The first Mission of the Agustinians in Sorsogon is Casiguran which they established in 1600, that made it as the center of all “Kabikulan”. The name was derived from “kasi gurang” which was what the locals told the Spaniards when the latter asked why there were no young among the old inhabitants. The townsfolk were actually hiding the young women of the village, every time the Spaniards came, for fear that they would be abused. The Spaniards thought that the “kasi gurang” was what the place was called, so they began referring to it by that name which later, was contracted to “Casiguran”. The town’s natural attraction is Nagsipit Falls.

 

Gubat used to be a progressive barrio of Bulusan, until it became independent as a municipality. Due to its popularity even during the Hispanic time, it became a favorite settlemet of those coming from the regions of Tagalog, Visayas and the neighboring Albay. The settlement used to be located at Buri which has become Buenavista later on. Its first municipal gobernadorcillo was Don Pedro Manook. The name was derived from “guinobat” which means “raided”, due to the frequency of raids by Muslims from the south. There’s a legend about the town’s having been saved by the Child Jesus in the arms of St. Anthony of Padua who eventually, became its patron saint. Its old church was built from the contributed “talaksan” (coral stones), by the locals. Preparation for the building of the church took ten years, according to the story, and finally started in 1778. A popular beach of Gubat is Rizal, located 5 kilometers from the town center. It is close to the San Bernardino Strait, the reason why surfers frequent it due to its big waves.

 

Magallanes was known during the Spanish regime as Encomienda de Iguey with two sitios, Parina and Caditaan. The town was established in April 30, 1859 through the effort of a Spanish abaca trader, Don Manuel de Castro, who became the first gobernadorcillo. It became an independent parish in December 11, 1863. According to the local history, the first Christian Mass in Luzon was held in Magallanes, which was formerly referred to as Gibalong. The Ibalon or Tierra de Gibalong that used to be reference of the whole region originated at Magallanes.

 

Bagatao Island, a part of Magallanes, was considered as the shipyard of the region where galleons were built and repaired, which during the time was called Real Astillero de Bagatao. The island’s name came from two words “bagang tawo”, which means, “looks like a man” because the shape of the island looks like a man floating in the waters. It is located at the mouth of Sorsogon Bay.

 

Another shipyard, considered to be importance, too, is Panlatuan of Pilar. Remains of kiln-like structures, thick stone walls that resemble those of a fort that point to the settlement as an important shipyard and metal factory at the same time. This is also the birthplace of the province’s nationalistic sentiment against the Spaniards, which caused them to take arms and kill the Spanish shipyard administrator and his four assistants in August 1898. From Panlatuan, the ardent feeling spread throughout the rest of the province.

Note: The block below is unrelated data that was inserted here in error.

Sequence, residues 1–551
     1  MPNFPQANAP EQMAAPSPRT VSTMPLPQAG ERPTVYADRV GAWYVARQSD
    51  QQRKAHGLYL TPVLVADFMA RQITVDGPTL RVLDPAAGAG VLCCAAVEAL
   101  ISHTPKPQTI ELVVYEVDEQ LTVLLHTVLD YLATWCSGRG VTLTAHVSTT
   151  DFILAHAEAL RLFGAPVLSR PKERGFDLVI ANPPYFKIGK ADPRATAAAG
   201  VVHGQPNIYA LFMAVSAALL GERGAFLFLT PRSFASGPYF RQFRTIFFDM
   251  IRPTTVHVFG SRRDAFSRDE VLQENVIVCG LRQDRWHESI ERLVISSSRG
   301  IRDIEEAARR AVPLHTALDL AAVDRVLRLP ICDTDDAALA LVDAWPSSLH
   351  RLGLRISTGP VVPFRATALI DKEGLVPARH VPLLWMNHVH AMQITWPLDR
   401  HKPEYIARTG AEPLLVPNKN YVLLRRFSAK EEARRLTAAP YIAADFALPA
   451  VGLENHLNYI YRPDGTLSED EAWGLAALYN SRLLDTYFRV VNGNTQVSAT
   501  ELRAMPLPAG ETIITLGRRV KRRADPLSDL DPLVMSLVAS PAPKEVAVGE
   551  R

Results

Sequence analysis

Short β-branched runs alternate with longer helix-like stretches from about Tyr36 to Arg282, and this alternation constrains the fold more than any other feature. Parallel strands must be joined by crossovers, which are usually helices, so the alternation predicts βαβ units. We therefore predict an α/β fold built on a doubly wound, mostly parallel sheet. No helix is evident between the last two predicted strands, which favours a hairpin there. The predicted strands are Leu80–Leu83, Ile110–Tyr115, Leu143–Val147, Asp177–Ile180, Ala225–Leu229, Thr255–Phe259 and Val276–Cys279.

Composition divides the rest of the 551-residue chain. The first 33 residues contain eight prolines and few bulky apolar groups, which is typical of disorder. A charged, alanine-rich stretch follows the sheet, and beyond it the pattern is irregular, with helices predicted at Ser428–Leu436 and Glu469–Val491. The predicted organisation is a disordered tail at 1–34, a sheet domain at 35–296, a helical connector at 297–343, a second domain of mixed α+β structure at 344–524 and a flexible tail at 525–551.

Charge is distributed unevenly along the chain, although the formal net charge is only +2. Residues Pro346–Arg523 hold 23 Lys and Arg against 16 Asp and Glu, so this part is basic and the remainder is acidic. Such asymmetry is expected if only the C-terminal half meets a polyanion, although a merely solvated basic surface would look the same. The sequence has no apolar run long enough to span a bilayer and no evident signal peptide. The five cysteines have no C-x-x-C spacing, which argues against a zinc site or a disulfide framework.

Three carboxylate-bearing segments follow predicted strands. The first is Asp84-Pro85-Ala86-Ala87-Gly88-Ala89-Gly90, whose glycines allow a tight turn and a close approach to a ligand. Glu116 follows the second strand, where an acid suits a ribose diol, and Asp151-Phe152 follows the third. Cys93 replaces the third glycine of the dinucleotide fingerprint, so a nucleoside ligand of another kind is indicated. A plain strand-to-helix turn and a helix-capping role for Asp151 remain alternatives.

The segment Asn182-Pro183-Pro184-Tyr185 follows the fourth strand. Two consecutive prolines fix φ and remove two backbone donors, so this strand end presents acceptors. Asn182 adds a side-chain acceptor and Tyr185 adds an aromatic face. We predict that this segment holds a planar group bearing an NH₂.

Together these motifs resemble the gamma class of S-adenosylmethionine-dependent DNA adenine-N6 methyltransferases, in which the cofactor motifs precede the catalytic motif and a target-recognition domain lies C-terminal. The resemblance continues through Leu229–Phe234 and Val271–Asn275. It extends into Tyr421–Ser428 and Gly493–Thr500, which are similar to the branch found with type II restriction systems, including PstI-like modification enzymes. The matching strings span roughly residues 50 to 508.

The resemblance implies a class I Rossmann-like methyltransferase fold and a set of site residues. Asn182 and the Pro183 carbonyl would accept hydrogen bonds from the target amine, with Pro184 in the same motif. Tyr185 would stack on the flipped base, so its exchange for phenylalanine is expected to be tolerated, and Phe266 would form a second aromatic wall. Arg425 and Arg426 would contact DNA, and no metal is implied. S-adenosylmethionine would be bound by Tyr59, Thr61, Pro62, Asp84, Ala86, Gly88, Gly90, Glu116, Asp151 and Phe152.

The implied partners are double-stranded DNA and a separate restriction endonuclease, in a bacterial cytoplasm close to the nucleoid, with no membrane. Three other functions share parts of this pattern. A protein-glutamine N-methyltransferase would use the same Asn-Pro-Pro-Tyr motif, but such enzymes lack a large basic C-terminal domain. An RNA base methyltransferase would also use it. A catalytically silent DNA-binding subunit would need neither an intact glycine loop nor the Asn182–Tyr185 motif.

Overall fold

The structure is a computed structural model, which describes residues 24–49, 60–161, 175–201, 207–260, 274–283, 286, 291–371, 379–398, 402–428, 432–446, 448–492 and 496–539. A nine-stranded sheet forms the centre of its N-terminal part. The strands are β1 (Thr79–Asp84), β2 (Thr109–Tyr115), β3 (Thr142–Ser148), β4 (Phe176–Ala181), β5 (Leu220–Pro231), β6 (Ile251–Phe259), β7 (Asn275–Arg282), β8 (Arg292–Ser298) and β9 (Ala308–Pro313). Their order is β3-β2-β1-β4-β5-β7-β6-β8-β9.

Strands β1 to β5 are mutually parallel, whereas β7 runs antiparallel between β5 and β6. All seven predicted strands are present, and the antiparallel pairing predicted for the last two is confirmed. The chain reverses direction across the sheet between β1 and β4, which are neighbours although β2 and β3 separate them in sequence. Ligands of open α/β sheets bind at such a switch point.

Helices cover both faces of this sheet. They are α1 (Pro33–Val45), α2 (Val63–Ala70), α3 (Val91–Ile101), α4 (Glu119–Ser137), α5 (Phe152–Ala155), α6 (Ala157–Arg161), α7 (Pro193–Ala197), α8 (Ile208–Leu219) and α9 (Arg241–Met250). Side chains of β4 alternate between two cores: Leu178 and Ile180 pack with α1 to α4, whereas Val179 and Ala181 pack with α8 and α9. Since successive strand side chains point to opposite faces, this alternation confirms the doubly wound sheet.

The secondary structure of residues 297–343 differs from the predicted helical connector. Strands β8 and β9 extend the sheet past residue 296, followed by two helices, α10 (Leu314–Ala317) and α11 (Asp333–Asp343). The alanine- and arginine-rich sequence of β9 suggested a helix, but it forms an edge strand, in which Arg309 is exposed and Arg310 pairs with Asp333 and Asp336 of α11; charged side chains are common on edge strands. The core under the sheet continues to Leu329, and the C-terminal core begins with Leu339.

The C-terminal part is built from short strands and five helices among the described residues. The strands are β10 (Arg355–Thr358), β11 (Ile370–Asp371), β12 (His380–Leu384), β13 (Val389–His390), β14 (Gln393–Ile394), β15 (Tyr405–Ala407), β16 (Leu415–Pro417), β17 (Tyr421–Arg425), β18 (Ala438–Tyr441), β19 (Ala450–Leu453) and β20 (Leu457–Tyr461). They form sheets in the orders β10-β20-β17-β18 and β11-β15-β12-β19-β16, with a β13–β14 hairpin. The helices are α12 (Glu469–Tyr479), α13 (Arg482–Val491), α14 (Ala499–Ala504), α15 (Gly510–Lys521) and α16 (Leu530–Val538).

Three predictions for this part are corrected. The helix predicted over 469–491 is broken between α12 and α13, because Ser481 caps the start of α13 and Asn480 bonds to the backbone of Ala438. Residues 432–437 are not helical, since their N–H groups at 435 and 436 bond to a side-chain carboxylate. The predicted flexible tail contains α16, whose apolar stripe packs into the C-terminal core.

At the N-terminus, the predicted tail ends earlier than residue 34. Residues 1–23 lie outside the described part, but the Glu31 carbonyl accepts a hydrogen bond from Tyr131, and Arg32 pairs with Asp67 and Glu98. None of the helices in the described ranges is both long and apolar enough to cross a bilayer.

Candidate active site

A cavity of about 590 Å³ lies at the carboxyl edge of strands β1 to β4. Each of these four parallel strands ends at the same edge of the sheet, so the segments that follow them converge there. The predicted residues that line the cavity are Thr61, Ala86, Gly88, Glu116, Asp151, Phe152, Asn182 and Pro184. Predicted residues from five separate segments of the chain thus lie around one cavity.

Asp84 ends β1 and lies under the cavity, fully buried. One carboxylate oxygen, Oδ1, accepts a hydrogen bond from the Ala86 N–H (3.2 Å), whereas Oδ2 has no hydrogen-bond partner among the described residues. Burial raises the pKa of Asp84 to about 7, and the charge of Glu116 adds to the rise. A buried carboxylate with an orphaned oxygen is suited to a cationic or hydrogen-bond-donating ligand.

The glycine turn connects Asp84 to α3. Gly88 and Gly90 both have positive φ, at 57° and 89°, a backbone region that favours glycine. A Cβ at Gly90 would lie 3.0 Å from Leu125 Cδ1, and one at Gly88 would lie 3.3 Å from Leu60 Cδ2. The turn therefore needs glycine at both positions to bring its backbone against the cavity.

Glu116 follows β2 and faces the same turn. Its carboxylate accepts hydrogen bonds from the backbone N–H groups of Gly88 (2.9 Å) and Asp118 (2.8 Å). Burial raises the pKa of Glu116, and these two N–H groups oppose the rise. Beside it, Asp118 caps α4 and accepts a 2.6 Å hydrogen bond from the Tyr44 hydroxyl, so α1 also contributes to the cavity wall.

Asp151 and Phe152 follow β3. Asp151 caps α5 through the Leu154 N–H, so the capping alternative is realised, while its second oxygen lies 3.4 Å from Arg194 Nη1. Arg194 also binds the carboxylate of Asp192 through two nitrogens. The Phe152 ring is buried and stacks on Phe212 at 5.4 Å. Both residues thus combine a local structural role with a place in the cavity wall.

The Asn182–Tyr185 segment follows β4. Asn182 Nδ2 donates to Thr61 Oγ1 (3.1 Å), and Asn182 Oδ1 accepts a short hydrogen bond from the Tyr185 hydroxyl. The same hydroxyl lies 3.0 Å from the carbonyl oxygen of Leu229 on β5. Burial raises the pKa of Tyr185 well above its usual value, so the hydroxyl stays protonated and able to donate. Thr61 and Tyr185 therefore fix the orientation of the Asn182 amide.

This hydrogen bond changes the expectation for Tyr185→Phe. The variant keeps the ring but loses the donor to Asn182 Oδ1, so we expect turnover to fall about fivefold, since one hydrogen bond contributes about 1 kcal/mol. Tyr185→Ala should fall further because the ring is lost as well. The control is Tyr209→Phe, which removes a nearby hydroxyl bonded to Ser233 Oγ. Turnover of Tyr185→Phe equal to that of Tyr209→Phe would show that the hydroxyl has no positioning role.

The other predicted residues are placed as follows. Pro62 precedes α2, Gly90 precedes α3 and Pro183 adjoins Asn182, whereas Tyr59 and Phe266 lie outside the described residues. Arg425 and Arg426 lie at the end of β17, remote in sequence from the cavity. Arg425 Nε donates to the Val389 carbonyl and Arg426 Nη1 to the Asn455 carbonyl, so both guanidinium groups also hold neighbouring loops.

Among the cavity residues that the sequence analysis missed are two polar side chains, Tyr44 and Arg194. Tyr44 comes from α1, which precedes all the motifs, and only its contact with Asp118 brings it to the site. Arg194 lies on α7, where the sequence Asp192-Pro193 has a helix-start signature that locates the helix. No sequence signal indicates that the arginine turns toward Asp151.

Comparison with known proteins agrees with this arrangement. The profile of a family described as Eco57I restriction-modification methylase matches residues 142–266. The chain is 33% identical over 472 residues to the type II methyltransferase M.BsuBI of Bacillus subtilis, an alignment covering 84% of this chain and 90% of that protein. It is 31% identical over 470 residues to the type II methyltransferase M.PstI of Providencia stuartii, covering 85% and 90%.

For the spelunkers, Prieto-Diaz offers Nagsurok Cave, named as such, because one has to practically crawl on all fours to get inside. “Surok” means, to crawl. Legend has it that, the cave was the home of the “mampak bird”, that preyed on the people of Prieto-Diaz, Gubat, Barcelona, Bulusan and Irosin. Another cave is called “Pinanaan” which means, “place where arrows were shot”. It was here where, according to the legend, the “mampak bird” was cornered by the people and eventually killed it with arrows.

 

The hottest spot in the province today is Donsol because of its marine visitors – the butandings, or whale sharks. Both foreign and local tourists flock to this coastal town just to have a glimpse of the sharks frolicking among the waves. Donsol which also means, “anvil”, has been known for its metal products. Although, the coastal town has been visited by the sharks frequently in the past, it was only in 1997 that the locals came to fully understand the harmlessness of the sea creatures. With the whale shark sightings, the town has become known worldwide among the nature lovers.

 

The gateway of Luzon to the Visayas and Mindanao regions is Matnog. It is here where ferry transfers are made. Island-hopping is the best activity in Matnog because of its alluring islets, such as Tikling, Calintaan, Juag and Subic. Motorized bancas can be hired at the Matnog Ferry Terminal for visits to these islets. The most intriguing among them is Subic which is girded by fine pinkish sandy beach, just like the Sta. Cruz Island of Zamboanga. It is also fondly referred to as “La Playa Rosa”. On the other hand, Calintaan Islet features an underwater cave.    

 

Several layers of lava resulting from eruptions in the past, account to the fertility of the province’ soil in general. Added to this is the helpful river system that practically crisscrosses the 2,141 square kilometers area of the province. Of the six principal rivers, longest is Donsol. The Philippine-Japan Friendship Highway is the main commercial artery of the province.

 

Buses that ply the Philippine-Japan Friendship Highway for Sorsogon towns and cities, as well as, those that go straight to Cagayan de Oro and Davao cities in Mindanao, and some cities and towns in Visayas, can be taken at Manila. The nearest airport to the province is located at Legaspi City.

 

 

 

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Masbate: Its Ranches and Gold

Masbate: Its Cattle Ranches and Gold

By Apolinario Villalobos

 

Three major islands punctuated by rolling grassy hills, white beaches, gold veins and marine life-rich surrounding seas make up this province of brown-skinned cowboys.

 

Comprising an aggregate area of 4,048 square kilometers, the province with its rolling grasslands found in cattle raising an assured and stable income. Composing the province are the major islands of Masbate, Ticao, and Burias. Masbate as the biggest of the three, is also the eleventh largest island of the Philippines.

 

Separating Masbate from Panay Island is the Jintotolo Channel and on the south, extending to the Visayas Sea is the Asid Gulf, enclosed by the province’s southern boundary. The northwestern coast of Masbate Island faces the Sibuyan Sea and along its western and southern coasts are coral reefs and islets.